вторник, 18 сентября 2012 г.


The taxi driver, exhausted from hauling people from club to clubon a Saturday night, is about to call it quits. 'About 40,000 peopleare going to emerge from the clubs at the 2 a.m. closing time, but Ican't handle it,' he says. 'I'm going home.'

He's not the only one who is exhausted.

Partying in Dublin - and in many cities in Ireland, let alone thecountryside - is not for beginners. Just as Ireland's economy hasboomed in recent years, so has its after-dark scene - a mecca ofpubs, taverns, and nightclubs where the Irish, and their visitors,party as if there's no tomorrow.

The live music scene has unfortunately faded in recent years, butthe surge of dance clubs and chic lounges has given the country amodern edge rivaled only by the hedonistic spirit of many habitues.You'll still hear the retro sounds of Michael Jackson and SisterSledge in a lot of the discos, but you'll also hear the latest technofrom Europe and America, all played at volumes to shellshock you fordays.

I enjoyed a recent whirlwind week in Ireland that was bookended bystays in Dublin, but provided time to savor the night life in thecountry's second-largest city, Cork, as well as the west coast cityof Galway. I had the most fun in Galway because of its warm,uninhibited gaiety.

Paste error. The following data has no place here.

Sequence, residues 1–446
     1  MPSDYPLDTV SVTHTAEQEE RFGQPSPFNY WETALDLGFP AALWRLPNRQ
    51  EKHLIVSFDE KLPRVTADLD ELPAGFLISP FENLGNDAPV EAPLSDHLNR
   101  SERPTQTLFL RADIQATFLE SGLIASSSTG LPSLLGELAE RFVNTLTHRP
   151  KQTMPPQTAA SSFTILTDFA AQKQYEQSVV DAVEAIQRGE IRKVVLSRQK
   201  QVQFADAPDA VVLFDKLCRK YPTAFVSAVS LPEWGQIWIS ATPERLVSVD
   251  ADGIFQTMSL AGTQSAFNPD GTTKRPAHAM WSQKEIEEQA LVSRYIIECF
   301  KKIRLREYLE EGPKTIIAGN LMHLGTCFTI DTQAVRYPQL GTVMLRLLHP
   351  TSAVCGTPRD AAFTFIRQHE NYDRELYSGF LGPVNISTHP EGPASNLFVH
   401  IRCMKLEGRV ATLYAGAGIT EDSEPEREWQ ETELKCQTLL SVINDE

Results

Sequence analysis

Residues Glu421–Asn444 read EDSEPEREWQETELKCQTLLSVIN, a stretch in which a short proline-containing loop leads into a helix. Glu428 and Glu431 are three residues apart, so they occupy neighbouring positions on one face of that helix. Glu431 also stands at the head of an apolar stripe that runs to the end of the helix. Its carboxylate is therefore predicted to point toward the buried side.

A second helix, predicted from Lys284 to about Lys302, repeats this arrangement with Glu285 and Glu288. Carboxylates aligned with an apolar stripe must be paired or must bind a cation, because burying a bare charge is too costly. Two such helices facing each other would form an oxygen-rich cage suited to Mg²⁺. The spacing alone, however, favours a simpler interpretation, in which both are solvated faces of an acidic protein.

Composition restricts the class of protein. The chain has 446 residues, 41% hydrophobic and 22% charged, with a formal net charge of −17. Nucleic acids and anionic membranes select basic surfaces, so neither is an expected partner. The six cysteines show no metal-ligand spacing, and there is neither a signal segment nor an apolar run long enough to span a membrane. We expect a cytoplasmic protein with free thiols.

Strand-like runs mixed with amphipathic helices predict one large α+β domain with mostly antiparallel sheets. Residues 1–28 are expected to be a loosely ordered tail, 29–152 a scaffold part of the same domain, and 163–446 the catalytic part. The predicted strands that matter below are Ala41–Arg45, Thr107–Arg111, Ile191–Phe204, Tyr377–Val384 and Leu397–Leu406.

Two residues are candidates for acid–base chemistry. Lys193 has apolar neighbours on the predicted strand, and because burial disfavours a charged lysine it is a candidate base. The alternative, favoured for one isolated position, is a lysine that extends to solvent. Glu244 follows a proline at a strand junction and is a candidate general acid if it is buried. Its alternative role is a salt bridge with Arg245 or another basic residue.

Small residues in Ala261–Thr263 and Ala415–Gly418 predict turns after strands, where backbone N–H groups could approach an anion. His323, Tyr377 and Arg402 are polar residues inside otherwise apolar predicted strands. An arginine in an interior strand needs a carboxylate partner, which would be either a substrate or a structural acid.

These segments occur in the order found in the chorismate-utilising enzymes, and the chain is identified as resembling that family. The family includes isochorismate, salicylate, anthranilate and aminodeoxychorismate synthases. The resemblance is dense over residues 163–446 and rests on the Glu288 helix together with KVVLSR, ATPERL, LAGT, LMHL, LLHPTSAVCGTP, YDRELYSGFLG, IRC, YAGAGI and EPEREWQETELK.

My after-dark romp started on a Tuesday night in Dublin, at theKitchen, a basement club owned by U2, the Irish-rock superstars whoalso own the posh Clarence Hotel above it, right beside WellingtonQuay. The Kitchen is 'a banging techno' club, according to U2guitarist the Edge, and it's obviously designed for a younger crowd.It was 'college night' when I walked in, as youthful revelersmeandered in the dark, sinuous crevices of the room, while a DJpounded out machine beats. A small place, but a buzzing crowd.

More on Dublin later, but the next day my Irish friend and I droveto Galway, where this colorful city hummed once the sun went down.Even though this was just a Wednesday, the pubs in the main center ofGalway were busy, especially the Skeff (established 1790), a two-story tavern where more than a few patrons pounded down not justGuinness, but the so-called 'speedball cocktail' of Red Bull andvodka - the consumption of which almost seems to be a national sportthese days.

As conversations became more animated, the heartier of the patronsdeclared that the next stop should be C.P.'s, otherwise known as aclub called Central Park. It didn't get hopping until the tavernsclosed at midnight - and there was a line well out the door from thenon.

C.P.'s is a huge, 1,300-capacity dance club which, in its size,uptown feel, and sophisticated sound and lighting system, resemblesBoston's Avalon club. But the atmosphere is much more primal, as fansogle and undulate around each other like Adams chasing Eves. Myfriend was kissing a woman within five minutes of meeting her - andthe place completely exploded when the high-energy 'Welcome toParadise' by Green Day was played by a DJ who wasn't afraid to rock.This may have been the wildest club I have ever seen, followed by aneven more bizarre late-night scenario, as patrons left the club atclosing time to spill over, wobbly-legged, to the nearby 'Supermacs,'a fast-food burger joint.